Prior self-control exertion and perceptions of pain during a physically demanding task

2017-08-10T10:08:09Z (GMT) by Ruth Boat Ian Taylor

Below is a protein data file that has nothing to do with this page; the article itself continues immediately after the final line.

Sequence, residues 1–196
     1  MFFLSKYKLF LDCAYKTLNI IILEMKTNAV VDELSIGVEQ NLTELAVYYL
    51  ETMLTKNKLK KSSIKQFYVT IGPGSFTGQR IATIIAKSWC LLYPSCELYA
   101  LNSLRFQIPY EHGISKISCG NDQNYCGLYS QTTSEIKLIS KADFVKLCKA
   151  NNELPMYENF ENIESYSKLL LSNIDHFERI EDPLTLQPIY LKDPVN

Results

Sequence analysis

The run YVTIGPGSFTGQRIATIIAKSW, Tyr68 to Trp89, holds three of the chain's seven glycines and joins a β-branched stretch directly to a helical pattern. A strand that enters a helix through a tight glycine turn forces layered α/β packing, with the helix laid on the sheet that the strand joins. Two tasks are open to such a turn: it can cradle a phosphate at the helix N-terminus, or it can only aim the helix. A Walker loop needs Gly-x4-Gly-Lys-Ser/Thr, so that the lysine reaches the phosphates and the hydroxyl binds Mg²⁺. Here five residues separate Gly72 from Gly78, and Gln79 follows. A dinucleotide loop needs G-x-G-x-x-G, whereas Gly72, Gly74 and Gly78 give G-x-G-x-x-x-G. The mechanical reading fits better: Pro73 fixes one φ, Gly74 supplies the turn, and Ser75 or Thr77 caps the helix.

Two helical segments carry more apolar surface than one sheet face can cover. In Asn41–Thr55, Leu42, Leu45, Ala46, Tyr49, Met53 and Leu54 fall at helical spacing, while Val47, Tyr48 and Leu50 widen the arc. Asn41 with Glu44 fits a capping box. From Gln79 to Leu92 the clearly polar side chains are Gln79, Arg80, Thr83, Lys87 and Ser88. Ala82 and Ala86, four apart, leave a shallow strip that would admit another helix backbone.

Objectives Exertion of self-control has been associated with impaired performance on subsequent physical tasks also requiring self-control, but it remains unknown why this occurs. This study, therefore, explored whether a) prior self-control exertion reduces subsequent persistence on a physically demanding task, and b) whether any observed performance decrements could be explained by changes in perceptions of pain. Method In a within-subject design, sixty-three individuals completed an easy (congruent) Stroop task or a difficult (incongruent) Stroop task that required self-control. Participants were then required to remain in a physically demanding posture (i.e., a ‘wall-sit’) until voluntary exhaustion and their perception of pain was recorded during the task. Results When participants completed the difficult Stroop task, they quit the wall-sit sooner. This decrement in performance was explained by greater perceptions of pain at the beginning of the wall-sit. Conclusions Perceptions of pain may, therefore, be an important attentional mechanism explaining why self-control use interferes with subsequent persistence during physically effortful tasks.